Phoenix's Sigmund fights back to savour his swansong

After overcoming a Giardia infection that flattened him early in the season and a hamstring injury, veteran Wellington Phoenix defender Ben Sigmund is determined to see out the last few games of his career in style.

Sigmund made a comeback as a substitute at right-back for the frantic final stages of last weekend's 3-2 loss to Newcastle Jets and is in the squad for Friday night's game against Melbourne City at Westpac Stadium.

"I know I'm not starting the game, but I'm hoping to get on at some stage and contribute to the team," Sigmund said.

"Ernie (Merrick, the Phoenix coach) is grooming the young fellow, Dylan Fox, for the future in the central defence. I'm ready to go if he wants to use me.

"I just want to finish on a high and finish with my mates the way I've played my whole career, giving it 120 per cent in every single game and every training session and making sure I keep my standards and the club's values up every week.

"I just want to be remembered as a guy who never gave up, to be honest."

When Sigmund collapsed during Wellington's 2-1 loss to Western Sydney Wanderers at Pirtek Stadium in November, many assumed it was a delayed reaction to a head knock he had sustained earlier in the match.

But Sigmund said he had been battling ill-health for a month going into the game and that the problem was only diagnosed afterwards.

"I found out I had Giardia, which is a bug you can get from water," he said. "I'd been playing with it for a month and against the Wanderers I just passed out. I think I was completely exhausted and my body had nothing left to give.

"You get diarrhoea as part of it and I'd lost 5kg. I felt awful, but I kept playing with it, just battled through, but then it caught up with me. It turned out my daughter, Ashley, had it first and I must have caught it off her.

"We both battled along thinking it was just a stomach bug, but I ended up feeling so awful I had some tests done and they said I had Giardia and I had to get to the hospital and get medication and start treating it.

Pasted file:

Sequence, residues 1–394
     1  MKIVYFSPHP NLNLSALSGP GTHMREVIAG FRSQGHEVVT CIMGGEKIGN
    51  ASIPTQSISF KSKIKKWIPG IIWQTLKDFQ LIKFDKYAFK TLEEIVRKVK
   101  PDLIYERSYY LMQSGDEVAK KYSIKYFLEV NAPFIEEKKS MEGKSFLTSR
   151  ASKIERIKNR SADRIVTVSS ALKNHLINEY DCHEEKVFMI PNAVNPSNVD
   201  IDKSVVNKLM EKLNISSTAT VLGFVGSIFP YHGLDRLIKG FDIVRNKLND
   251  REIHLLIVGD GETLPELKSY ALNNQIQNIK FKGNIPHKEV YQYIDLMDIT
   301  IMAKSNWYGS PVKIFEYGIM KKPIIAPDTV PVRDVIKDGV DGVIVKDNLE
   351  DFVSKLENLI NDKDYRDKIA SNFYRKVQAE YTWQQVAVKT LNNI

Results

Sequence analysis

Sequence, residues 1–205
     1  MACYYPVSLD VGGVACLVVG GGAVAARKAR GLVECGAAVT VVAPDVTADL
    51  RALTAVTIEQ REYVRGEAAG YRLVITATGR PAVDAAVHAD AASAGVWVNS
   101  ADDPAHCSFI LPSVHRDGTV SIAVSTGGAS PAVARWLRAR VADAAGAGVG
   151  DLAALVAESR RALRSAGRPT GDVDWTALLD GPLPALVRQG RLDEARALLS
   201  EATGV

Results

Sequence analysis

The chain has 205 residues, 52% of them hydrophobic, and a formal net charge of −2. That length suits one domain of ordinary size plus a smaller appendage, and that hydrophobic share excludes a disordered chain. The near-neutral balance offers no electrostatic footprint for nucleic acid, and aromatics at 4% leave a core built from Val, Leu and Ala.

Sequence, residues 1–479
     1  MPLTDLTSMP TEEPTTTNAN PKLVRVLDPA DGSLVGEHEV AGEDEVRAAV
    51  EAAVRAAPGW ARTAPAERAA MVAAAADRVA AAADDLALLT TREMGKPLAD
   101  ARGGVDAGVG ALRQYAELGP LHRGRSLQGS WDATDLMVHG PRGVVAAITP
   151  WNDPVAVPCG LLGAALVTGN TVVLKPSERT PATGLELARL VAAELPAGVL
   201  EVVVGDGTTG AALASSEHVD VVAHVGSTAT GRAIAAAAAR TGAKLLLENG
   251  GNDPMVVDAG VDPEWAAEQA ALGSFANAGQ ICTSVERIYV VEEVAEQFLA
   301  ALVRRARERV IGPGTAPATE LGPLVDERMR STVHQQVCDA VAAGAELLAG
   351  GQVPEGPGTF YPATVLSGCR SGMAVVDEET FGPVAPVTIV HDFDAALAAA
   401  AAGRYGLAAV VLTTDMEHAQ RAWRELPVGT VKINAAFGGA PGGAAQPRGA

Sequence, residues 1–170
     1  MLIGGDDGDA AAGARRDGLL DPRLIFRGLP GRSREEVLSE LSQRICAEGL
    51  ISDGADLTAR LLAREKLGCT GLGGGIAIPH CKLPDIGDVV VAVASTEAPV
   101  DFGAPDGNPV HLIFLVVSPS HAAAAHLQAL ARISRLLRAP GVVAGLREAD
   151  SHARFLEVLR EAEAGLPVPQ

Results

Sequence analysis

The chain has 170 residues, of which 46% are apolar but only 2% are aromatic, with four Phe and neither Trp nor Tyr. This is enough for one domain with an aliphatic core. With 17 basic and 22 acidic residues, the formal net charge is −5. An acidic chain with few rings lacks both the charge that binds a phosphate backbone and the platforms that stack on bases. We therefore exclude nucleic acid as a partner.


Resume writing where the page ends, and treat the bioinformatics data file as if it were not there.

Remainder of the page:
"You've got to take a course of heavy antibiotics to kill the bug and you can still feel like rubbish for two or three months or even up to six months after that, because your body takes a long time to get over it and readjust. It was around eight-to-10 weeks for me.

"My daughter and I are fine now. I've been desperate to get back playing and I've worked really hard. It's my last year and I wanted to be fully committed right to the end and get back on the field, which I've done now. I want to play as much as I can over the last seven rounds."

Sigmund, 35, is known as a hard-man but he believes he'll still get emotional when it finally comes time to play his last game.

"It will hit me at the death, I think," he said.

"I know my body is ready to stop. I've had two operations on my hip and it's feeling sorer every week and I feel like I know it's the end and I've given it a good crack and I'm pretty happy with how my career has gone and what I've achieved.

"I've got no regrets. I just want to enjoy getting to the end of my career and 35 is not a bad innings, to be honest.

"I'm mentally tired as well as physically tired, but I've worked very hard to get back for the last few rounds and I really want to make them count."

Sigmund has already taken important steps towards his post-playing career, having set up a business - Fully Committed People Development - designed to help footballers as well as people in other sports and the corporate sector.

"I've created the business around what I didn't have when I was younger and what I missed out on and what I probably needed," he said. "It's about providing the support people need to be as good as they can be in their chosen field."

Sigmund, who was a long-time New Zealand All Whites representative as well until his retirement from international football in 2014, said he was also detailing his life story for a book.

"I'm writing an autobiography that will be out in May, at the end of the season," he said. "I'm really enjoying the experience of putting that together."

For Melbourne City, long-term absentees James Brown and Marc Marino are surprise inclusions to the squad while Anthony Caceres returns after serving his second suspension in just three matches since his switch from Central Coast Mariners.

Brown, 26, hasn't played an A-League match for 11 months after suffering a foot injury while Marino, 19, returns to contention for the first time since last May's finals series.

The pair are unlikely starters in New Zealand after replacing Wade Dekker and Steve Kuzmanovski for the trip across the Tasman, where City will go top of the A-League by defeating the Phoenix.

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5 min read
Published 26 February 2016 at 12:38pm
By Greg Prichard
Source: SBS